To Love Somebody Like 240th Brothers Loved Each Other
Photos From Steve Beckner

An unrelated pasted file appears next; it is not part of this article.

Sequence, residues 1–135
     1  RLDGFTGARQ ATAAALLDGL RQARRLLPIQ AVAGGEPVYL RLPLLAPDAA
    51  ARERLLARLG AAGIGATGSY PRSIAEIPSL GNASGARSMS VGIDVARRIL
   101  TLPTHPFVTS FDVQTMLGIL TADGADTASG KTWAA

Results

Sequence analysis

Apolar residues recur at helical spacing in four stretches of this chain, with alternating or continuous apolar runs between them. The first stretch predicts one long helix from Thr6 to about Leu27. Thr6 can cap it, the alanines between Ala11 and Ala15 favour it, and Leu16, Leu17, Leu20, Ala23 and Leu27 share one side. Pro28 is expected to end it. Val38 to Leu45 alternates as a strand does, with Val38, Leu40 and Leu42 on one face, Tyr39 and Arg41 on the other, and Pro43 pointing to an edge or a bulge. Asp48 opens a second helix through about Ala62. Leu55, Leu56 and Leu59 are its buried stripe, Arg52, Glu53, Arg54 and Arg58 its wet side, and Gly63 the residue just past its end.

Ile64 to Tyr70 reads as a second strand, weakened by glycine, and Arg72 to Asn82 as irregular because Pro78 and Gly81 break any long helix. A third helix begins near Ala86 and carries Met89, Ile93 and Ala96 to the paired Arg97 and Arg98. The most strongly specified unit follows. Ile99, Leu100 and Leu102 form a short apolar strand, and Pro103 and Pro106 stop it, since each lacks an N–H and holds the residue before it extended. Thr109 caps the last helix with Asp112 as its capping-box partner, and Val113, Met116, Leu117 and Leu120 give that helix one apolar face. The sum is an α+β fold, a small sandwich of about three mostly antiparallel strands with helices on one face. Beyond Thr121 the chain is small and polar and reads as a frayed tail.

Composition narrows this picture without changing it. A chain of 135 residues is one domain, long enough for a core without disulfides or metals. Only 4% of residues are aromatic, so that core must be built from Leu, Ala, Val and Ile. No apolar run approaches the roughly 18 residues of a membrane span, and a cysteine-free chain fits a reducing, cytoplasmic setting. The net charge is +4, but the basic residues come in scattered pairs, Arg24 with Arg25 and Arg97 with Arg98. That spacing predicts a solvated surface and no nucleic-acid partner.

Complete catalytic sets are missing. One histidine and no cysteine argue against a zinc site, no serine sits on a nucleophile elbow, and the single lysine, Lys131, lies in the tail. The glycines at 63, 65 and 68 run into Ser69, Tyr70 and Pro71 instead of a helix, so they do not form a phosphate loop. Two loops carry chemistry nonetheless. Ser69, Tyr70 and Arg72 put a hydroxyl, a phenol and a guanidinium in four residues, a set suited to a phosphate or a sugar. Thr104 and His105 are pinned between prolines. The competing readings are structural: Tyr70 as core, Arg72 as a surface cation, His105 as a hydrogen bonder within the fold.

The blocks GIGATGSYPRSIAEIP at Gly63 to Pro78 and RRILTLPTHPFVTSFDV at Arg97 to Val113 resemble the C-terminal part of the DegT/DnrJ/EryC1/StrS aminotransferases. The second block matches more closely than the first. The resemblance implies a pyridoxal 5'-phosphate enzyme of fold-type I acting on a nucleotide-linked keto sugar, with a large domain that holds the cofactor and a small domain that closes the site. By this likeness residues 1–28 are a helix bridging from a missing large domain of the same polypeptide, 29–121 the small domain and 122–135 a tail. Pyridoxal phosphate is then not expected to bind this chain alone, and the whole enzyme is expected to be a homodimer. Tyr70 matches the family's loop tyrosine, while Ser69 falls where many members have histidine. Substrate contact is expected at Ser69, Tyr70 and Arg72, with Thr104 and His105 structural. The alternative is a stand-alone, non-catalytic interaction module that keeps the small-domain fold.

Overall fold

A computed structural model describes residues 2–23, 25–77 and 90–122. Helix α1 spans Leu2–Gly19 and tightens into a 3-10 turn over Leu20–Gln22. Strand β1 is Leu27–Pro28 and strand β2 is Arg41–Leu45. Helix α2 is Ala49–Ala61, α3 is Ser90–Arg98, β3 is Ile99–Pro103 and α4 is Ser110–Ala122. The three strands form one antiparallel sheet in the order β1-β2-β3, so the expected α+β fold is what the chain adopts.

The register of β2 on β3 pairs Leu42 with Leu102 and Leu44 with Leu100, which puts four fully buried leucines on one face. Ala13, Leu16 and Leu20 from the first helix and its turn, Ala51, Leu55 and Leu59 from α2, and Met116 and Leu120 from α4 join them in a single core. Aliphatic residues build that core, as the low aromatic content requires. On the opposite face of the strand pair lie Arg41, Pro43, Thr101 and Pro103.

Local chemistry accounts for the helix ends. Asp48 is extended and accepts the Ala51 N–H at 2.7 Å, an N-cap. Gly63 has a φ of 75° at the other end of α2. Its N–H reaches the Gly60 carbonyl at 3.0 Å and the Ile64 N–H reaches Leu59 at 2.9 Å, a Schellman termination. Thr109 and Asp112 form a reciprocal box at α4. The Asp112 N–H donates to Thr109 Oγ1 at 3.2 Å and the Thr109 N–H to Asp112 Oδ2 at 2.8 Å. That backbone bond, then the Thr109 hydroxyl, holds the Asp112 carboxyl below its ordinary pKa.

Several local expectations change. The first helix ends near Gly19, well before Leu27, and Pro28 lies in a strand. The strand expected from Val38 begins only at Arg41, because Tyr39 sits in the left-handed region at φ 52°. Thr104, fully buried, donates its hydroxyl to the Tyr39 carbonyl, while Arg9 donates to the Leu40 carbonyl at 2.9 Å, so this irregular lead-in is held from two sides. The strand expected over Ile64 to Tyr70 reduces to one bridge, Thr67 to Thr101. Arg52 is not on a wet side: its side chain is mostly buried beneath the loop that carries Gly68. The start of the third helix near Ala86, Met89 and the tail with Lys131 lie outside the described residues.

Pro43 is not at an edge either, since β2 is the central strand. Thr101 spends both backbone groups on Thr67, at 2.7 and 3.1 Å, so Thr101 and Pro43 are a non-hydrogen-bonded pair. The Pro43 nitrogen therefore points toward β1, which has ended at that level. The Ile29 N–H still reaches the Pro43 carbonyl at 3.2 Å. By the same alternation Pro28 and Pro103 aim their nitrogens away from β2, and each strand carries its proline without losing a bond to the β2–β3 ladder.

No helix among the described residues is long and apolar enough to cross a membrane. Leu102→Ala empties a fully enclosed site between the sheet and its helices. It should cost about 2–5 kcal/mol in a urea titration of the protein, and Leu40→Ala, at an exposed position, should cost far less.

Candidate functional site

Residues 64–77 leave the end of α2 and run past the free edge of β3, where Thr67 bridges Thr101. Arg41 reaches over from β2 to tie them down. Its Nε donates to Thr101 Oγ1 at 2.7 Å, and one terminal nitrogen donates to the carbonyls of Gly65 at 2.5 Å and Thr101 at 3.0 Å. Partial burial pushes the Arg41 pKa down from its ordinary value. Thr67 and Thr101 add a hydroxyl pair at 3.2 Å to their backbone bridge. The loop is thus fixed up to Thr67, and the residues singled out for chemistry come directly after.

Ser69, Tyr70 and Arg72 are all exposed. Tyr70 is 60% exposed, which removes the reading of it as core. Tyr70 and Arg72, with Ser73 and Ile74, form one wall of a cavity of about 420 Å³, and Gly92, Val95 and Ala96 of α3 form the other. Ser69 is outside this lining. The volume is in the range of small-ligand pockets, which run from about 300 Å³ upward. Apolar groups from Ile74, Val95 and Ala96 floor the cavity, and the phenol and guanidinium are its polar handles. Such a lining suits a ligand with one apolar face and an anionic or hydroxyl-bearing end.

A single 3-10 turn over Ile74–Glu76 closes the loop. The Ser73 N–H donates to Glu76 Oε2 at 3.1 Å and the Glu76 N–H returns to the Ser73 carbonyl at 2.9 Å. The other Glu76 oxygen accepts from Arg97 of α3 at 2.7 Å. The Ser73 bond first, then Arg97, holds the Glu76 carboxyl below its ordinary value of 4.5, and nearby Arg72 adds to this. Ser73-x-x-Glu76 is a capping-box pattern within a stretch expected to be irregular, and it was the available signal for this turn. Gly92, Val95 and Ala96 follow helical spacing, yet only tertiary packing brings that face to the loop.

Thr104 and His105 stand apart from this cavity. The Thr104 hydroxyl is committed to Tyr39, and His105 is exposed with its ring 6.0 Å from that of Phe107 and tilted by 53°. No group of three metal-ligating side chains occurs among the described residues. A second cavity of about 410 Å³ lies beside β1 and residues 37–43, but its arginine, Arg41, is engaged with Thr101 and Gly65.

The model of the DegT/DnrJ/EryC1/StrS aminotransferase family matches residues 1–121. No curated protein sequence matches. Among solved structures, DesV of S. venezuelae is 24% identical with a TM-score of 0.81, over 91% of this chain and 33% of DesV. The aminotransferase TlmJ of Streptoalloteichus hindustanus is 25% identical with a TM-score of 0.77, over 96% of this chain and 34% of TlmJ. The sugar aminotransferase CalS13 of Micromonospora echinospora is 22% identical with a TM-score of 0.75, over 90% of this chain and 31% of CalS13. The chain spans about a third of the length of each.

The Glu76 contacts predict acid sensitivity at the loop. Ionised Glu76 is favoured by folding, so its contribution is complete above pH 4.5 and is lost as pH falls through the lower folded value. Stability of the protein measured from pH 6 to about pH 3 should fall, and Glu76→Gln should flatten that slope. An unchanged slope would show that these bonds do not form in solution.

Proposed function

Steve Beckner had quite the Vietnam Experience even before he got to the 240th AHC. Steve entered the service on 9/21/66 and was sent to Fort Benning, Georgia, Sand Hill Duty and was going for the MOS of 09B00. After basic and on 11/25/66, Steve was at Fort Bliss, Texas, MOS 23P20, and trained for 38 weeks to become a Fire Control Mechanic for Hawk Missiles which he completed in August of 1967. After getting a well deserved leave, Steve shipped out for the Republic of Vietnam on 9/20/67 and was assigned to HHB, 6th, 56th Artillery, USARPAC, RVN, which was located near Long Binh next to Widow's Village. Steve told me he didn't have any particular job, just doing this and doing that or as we say, GOPHER (go for this go for that). In November of 67 he was TDY and assigned to the docks of Saigon where he worked as a stevedore for 3 months, working shifts that were 12 hours a day, 7 days a week, unloading military cargo coming from the States. He returned to the 56th Artillery just in time for the Tet Offensive of 1968 and was pulling guard duty on a guard tower the night the Offensive started. He was with a guy named Fred Meyers and Steve had an M60 and Fred an M79. On May 10, 1968, Steve was again TDY, this time to the 240th AHC with the MOS of 11B2F and was flying as a doorgunner. On the 20th of June 1968, Steve had a PCS and was assigned to the 240th AHC, MOS changed to 67A1F and flew with Greyhound White Flight until he DEROSED on the 20th of September 1968. Steve returned to Fort Bliss, Texas upon getting back to America and with the MOS of 24F20, Fire Control Mechanic and he hadn't worked on the missiles since AIT. As Steve says, "I just pulled crap duty, KP, details and guard duty until he left the Army on September 20, 1969. Nice way they treated returning Vietnam Veterans, as the majority of the lifers there had never been to Nam or seen combat!" The Army did promote Steve to E5 on August 26, 1969, they wanted him to reenlist but Steve said it didn't work! Steve went unto become a Cleveland, Ohio police officer where he currently resides and has since retired from the police force. Ragman lives in Parma, Ohio, right next door to Cleveland for the last 28 years and Steve and Ragman finally crossed paths about 3 months ago! Linda Luther, our webmistress, Frenchy and Ragman, would like to personally thank Steve Beckner for sharing his Vietnam memories with us, especially those of the 240th, and we are proud and honored that he is a part of these websites. Welcome Home, Steve, and thanks for your service to our country in Vietnam and to the community as a police officer of Cleveland, Ohio.